The Humbling tells the story of aging, suicidal stage actor Simon Axler (Al Pacino) and his struggles to find passion for life again. Near his breaking point, he finds motivation in the form of a young and lustful lesbian, Pegeen Stapleford (Greta Gerwig), who has had a crush on Simon since childhood. As their relationship heats up, Simon has a hard time keeping up with the youthful and exuberant Pegeen. He feels more alive than ever before but with many disapproving people protesting their relationship, Simon must decide where his true passion lies. The Humbling is directed by Barry Levinson and also stars Kyra Sedgwick, Charles Grodin, Dianne Wiest, Dan Hedaya and Nina Arianda.
At nearly two hours, The Humbling takes its time. What’s lurking beneath the surface is the story walking the line between reality and hallucination, never letting you know which you’re witnessing. This makes for an exhausting watch, but upon reflection, it only underlines how brilliant of a script it really is.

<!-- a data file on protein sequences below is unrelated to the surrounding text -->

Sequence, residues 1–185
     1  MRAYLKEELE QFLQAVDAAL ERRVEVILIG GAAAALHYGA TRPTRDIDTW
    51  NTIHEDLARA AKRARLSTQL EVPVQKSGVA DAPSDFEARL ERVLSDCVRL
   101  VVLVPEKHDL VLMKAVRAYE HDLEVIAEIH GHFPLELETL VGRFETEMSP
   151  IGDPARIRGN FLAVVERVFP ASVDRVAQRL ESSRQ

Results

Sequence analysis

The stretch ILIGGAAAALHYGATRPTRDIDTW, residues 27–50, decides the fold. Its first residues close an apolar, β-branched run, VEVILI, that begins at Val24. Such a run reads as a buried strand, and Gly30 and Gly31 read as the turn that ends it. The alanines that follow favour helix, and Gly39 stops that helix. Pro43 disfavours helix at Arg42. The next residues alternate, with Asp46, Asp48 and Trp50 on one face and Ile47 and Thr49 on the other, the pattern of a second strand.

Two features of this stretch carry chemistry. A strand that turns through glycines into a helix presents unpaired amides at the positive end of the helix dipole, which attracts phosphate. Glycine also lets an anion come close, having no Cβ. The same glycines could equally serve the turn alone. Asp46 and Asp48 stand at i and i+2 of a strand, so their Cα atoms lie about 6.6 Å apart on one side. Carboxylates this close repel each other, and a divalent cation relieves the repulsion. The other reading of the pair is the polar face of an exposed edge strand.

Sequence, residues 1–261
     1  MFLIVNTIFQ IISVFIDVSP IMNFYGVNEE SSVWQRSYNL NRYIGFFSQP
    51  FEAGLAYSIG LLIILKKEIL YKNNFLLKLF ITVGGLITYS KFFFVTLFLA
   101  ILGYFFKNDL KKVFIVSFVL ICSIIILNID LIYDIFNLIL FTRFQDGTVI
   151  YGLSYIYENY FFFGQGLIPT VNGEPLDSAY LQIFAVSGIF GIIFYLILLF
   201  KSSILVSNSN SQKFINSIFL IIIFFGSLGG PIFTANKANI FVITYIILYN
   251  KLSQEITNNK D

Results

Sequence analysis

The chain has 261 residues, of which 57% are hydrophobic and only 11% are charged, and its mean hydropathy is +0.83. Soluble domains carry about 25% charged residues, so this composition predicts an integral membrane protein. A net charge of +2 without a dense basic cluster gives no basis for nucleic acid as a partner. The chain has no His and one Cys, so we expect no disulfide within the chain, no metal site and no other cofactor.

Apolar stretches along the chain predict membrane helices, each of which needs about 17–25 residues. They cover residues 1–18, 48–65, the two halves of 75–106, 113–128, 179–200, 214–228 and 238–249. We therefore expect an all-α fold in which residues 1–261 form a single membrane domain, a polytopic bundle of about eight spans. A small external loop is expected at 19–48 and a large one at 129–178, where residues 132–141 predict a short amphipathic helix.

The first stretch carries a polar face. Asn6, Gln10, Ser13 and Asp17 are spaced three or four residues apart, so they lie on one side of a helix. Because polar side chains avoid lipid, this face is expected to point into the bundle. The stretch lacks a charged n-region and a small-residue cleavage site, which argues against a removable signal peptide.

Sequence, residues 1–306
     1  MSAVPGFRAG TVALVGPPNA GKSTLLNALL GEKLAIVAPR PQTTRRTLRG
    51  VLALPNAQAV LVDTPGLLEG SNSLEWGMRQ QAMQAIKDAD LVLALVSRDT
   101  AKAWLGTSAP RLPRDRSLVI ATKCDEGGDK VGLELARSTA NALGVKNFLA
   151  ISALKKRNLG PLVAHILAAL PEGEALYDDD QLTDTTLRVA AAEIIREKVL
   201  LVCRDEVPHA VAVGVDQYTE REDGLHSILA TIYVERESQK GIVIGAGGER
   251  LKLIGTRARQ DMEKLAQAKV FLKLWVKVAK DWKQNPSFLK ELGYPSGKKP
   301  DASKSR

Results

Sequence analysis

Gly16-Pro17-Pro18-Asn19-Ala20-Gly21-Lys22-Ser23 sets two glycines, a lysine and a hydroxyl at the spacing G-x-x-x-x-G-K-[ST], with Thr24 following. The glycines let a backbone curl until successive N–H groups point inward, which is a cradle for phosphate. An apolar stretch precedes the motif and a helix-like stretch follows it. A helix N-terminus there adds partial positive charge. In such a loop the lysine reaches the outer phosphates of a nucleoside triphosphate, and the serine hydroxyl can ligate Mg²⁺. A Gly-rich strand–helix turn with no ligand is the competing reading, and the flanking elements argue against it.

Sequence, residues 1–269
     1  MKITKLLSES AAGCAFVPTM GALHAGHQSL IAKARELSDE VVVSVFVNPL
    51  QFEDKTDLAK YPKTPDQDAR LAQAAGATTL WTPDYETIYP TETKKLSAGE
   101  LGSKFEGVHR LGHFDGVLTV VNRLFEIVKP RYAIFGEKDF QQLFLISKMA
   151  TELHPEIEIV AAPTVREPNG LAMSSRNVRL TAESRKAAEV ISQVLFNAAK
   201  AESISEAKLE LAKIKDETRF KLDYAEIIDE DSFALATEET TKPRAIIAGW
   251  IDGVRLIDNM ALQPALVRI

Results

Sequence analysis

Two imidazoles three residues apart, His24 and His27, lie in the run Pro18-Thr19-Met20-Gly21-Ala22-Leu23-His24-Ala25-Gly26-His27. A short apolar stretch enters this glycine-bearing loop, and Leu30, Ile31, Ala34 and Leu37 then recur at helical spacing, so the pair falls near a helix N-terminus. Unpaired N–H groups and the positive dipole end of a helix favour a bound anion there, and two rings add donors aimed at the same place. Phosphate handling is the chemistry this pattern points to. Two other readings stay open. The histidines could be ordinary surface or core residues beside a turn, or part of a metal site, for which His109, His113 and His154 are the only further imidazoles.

The opening scene is somewhat reminiscent of one from Birdman (The Unexpected Virtue of Ignorance). I won’t elaborate, you’ll see. Al Pacino brings an odd joy to his character of Simon Axler, a man who has seemingly given up hope for his future. Oddly sympathetic and mischievous, Pacino makes the role his own.
Greta Gerwig‘s character, Pegeen, was hard to connect with, but complex and intriguing. Charles Grodin was delightful, as are supporting characters played by Dan Hedaya, Dianne Wiest and Kyra Sedgwick.
Available on demand and in theaters this Friday, January 23rd.